Prester's most recent CD of original jazz after 'Trillium', 'Triceratops', and 'She Devil'.
The singular sound you’ll hear on Robert Prester’s ‘Dogtown’ is the delightful result of a lifetime’s devotion to the piano and to creative composition, years on the bandstand in a variety of contexts, and the coming together of just the right musicians to present his music. It’s the 4th recording as a leader by this multi-faceted and well-traveled artist, his first since landing in South Florida several years ago, and if this is your introduction to his work, you’re in for a treat. A gifted pianist from an early age, Prester studied classical piano as a youngster at the Manhattan School of Music, where he would eventually earn a graduate degree in Jazz/Commercial Music, and that classical training is evident in the remarkable fluency and touch he brings to the piano. His love of jazz happened ‘almost by accident’ in his mid-teens, enrolling in a composition class with a jazz emphasis, and a new world opened up. Private study with Harold Danko and collaborations with drummer Roland Vazquez and guitarist Dean Brown provided early inspiration, and in 1988 his first album, Trillium, was released on the Island Records Antilles label. That recording of original music for a 10-piece ensemble was followed by two more releases, incorporating elements ranging from Latin to funk and fusion, bop to gospel – a confluence of styles that have always added up to a highly original sound. The trio at the heart of this session, with Nicky Orta and Ettienne Fuentes, is locked in tight and can turn on a dime. Both Nicky and Ettienne are much in demand on the South Florida scene, and contribute notable solos. Dave Schanzer adds the perfect percussive spice, as well as his masterful engineering, to the project. The musical palette broadens in a delightful way with the wordless vocals of Terezinha Valois and Jonathan Sigel’s trumpet, often in unison and performing some challenging lines with real finesse. Terezinha and Jonathan both worked in the band of guitarist Phill Fest along with Prester. You’ll find his great piano work, and two originals, on the recent ‘Projeto B.F.C.' – the Brazil-Florida Connection – recently released by Phill’s group. Classical music continues to be part of the mix for Prester, who performs with the Cameo Chamber Players, in solo piano concerts, and in duet recitals with his mother (and first piano teacher). And that background is apparent in his intriguingly original writing as well as his playing – note the opening Toy Soldiers, with a nod to Schumann’s Soldier’s March, and the beautiful solo intro to Realm of Possibility as just two examples – and throughout, you’ll hear a sophisticated and seamless blend of composed and improvised elements far different from the typical head-solo-head jazz pattern. The Latin rhythms that have always been a part of Prester’s sound turn overtly flamenco on the disc’s penultimate track; Noches de Sevilla draws on memories of living for a time above a flamenco studio in Spain years ago. And the trio goes out swinging, on a 'samba-fied' Coltrane classic. Prester says it’s been 'a lifelong challenge to come at Giant Steps from different angles.' If you’re like me, you’ll find your own favorite moments each time you revisit ‘Dogtown.' As a composer and a pianist, Robert Prester continues to create a sound all his own, and this disc should be a giant step toward wider recognition of his talents.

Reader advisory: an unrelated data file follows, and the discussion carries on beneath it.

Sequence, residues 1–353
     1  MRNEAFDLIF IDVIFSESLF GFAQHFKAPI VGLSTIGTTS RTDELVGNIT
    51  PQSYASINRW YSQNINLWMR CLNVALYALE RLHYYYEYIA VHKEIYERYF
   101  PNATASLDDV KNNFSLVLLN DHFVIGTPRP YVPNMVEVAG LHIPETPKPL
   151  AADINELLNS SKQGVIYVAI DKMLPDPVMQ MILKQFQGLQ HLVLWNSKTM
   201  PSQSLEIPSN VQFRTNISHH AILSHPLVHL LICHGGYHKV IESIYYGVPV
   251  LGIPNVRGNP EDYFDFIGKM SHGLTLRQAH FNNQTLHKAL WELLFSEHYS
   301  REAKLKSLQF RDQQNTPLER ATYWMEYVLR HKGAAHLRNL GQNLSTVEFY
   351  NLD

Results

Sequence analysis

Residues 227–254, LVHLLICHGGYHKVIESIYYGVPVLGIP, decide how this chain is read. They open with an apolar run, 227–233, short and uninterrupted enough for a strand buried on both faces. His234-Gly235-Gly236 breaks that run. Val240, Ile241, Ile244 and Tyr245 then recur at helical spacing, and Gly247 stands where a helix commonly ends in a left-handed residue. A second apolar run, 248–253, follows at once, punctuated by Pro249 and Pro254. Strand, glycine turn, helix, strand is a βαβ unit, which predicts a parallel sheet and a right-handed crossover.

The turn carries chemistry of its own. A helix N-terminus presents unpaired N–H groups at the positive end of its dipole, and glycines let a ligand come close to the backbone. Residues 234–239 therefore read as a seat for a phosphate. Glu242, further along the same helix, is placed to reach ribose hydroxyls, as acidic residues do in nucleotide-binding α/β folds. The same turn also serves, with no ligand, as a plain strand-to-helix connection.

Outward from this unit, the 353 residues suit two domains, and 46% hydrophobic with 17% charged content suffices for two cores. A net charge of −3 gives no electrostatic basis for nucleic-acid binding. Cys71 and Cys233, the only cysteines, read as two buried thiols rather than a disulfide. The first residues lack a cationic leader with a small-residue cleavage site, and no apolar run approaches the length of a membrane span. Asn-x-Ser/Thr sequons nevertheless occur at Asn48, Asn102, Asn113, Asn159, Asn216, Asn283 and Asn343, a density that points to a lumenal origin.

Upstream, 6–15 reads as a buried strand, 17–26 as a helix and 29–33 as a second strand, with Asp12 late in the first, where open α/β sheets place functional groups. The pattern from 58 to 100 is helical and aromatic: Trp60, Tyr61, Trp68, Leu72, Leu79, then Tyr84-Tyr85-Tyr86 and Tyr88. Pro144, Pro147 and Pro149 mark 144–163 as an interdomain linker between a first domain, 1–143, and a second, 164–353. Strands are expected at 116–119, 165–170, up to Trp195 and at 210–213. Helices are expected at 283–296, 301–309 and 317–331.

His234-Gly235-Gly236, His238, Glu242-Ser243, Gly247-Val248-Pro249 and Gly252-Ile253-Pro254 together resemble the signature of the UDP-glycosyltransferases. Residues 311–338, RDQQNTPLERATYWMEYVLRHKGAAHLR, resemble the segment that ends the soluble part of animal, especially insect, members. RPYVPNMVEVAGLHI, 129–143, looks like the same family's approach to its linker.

Bob Seymour ‘All Night Jazz’ WUSF, Tampa